Missing image
These figures are homotopy equivalent
Missing image
These figures are homotopy equivalent

When a is less than 0, Ma is the empty set. After a passes the level of p (a critical point of index 0), when 0<a<f(q), then Ma is a disk, which is homotopy equivalent to a point, (0-cell) which has been "attached" to the empty set. Next, when a exceeds the level of q (a critical point of index 1), and f(q) <a<f(r), then Ma is a cylinder, and is homotopy equivalent to a disk with a 1-cell attached (image at left). Once a passes the level of r (a critical point of index 1), and f(r)<a<f(s), then Ma is a torus with a disk removed, which is homotopy equivalent to a cylinder with a one cell attached (image at right). Finally, when a is greater that the critical level of s (a critical point of index 2) Ma is a torus. A torus, of course, is the same as a torus with a disk removed with a disk (2 cell) attached.

We therefore appear to have the following rule: the topology of Mα does not change except when α passes the height of a critical point, and when α passes the height of a critical point of index γ, a γ-cell is attached to Mα. This does not address the question of what happens when two critical points are at the same height. That situation can be resolved by a slight perturbation of f. In the case of a landscape (or a manifold embedded in Euclidean space), this perturbation might simply be tilting the landscape slightly, or rotating the coordinate system.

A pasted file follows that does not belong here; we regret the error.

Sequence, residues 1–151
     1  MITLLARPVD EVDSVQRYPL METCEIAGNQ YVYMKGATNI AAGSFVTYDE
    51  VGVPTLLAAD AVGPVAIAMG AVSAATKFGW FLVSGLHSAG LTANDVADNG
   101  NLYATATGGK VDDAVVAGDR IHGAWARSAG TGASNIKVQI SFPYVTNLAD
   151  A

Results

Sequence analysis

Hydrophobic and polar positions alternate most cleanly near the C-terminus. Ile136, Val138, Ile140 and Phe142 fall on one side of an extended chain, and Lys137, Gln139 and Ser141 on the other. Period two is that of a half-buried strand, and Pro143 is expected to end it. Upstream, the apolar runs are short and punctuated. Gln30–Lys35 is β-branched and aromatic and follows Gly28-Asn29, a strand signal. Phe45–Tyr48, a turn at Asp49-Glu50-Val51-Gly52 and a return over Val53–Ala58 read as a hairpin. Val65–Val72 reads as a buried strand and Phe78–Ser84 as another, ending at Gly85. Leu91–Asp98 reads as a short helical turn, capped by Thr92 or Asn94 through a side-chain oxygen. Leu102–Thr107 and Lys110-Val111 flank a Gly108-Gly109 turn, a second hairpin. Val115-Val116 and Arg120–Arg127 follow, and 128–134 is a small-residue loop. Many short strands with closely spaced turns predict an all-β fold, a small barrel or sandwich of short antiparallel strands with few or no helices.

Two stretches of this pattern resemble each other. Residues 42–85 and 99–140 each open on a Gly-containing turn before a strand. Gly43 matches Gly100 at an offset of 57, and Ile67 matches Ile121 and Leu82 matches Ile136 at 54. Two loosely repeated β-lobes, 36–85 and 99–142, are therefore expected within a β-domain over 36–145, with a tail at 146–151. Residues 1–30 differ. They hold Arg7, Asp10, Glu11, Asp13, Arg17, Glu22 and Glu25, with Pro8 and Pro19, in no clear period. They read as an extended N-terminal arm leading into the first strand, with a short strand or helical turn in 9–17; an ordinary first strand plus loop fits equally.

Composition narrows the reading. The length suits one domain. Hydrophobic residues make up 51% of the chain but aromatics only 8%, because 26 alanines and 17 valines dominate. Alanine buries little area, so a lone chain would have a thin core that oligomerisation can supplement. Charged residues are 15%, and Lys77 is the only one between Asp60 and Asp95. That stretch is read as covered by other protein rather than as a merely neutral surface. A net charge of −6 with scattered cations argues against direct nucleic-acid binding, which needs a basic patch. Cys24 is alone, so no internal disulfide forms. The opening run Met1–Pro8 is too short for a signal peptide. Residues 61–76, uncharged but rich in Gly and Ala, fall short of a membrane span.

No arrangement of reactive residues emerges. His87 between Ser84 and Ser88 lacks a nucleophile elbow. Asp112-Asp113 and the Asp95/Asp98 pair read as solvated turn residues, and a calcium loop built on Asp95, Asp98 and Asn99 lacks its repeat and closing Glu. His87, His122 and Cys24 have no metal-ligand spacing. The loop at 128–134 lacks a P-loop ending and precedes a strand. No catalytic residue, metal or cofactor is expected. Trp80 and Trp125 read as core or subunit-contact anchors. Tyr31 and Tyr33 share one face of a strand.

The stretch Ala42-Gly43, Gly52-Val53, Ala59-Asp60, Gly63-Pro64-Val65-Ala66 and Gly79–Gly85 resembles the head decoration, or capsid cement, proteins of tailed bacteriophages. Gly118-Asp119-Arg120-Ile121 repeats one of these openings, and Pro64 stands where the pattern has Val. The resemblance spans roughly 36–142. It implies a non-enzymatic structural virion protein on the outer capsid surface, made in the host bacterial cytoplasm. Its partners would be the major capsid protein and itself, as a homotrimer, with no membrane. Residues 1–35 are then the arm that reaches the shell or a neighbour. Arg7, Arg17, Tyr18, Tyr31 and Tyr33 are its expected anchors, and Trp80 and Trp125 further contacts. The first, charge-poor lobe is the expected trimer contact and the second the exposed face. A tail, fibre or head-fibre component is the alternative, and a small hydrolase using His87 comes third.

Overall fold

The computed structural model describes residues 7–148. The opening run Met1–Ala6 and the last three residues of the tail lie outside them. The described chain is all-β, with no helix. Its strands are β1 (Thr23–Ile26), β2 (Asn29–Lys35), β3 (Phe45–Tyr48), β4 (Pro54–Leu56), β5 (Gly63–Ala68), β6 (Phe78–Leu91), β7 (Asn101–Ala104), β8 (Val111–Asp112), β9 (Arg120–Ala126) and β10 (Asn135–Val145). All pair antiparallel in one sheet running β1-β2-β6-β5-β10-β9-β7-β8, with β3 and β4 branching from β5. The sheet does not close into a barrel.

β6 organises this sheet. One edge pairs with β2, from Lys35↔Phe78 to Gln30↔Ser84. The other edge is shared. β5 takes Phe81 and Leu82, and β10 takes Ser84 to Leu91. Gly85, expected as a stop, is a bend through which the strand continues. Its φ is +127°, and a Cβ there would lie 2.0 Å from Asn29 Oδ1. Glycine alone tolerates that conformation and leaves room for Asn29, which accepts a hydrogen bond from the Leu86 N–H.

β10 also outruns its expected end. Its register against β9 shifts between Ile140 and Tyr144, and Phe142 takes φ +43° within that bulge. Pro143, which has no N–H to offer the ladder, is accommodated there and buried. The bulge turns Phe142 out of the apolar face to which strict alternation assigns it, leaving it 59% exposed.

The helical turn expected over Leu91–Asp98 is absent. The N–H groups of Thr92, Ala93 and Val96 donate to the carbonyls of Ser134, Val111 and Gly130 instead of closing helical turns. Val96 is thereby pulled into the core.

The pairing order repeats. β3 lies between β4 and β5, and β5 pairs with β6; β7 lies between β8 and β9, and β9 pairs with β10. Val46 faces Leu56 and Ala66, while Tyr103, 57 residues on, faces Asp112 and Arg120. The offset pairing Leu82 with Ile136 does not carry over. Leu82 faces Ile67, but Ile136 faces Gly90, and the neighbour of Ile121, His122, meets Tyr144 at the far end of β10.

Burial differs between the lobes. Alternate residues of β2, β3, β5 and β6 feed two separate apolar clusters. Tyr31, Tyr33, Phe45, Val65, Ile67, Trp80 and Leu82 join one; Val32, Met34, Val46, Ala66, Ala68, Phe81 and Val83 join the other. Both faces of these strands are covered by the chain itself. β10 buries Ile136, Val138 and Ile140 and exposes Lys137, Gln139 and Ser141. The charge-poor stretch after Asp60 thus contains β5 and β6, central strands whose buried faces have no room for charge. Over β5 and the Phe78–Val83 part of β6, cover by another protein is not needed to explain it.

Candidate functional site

This rule, however, is false as stated. To see this, let M equal R and let f(x)=x3. Then 0 is a critical point of f, but the topology of Mα does not change when α passes 0. In fact, the concept of index does not make sense. The problem is that the second derivative is also 0 at 0. This kind of situation is called a degenerate critical point. Note that this situation is unstable: by rotating the coordinate system under the graph, the degenerate critical point either is removed or breaks up into two non-degenerate critical points.

Formal development

We are interested in smooth functions f from a differentiable manifold M to the reals. The points where the gradient of f in a local coordinate system is 0 are called critical points and their images under f are called critical values. If at a critical point b the matrix of second partials (the Hessian matrix) is nonsingular, then b is called a non-degenerate critical point; if the Hessian is singular then b is a degenerate critical point. As noted before, if f is the map RR defined by f(x)=x3, then 0 is a degenerate critical point. A less trivial example of a degenerate critical point is the origin of the monkey saddle.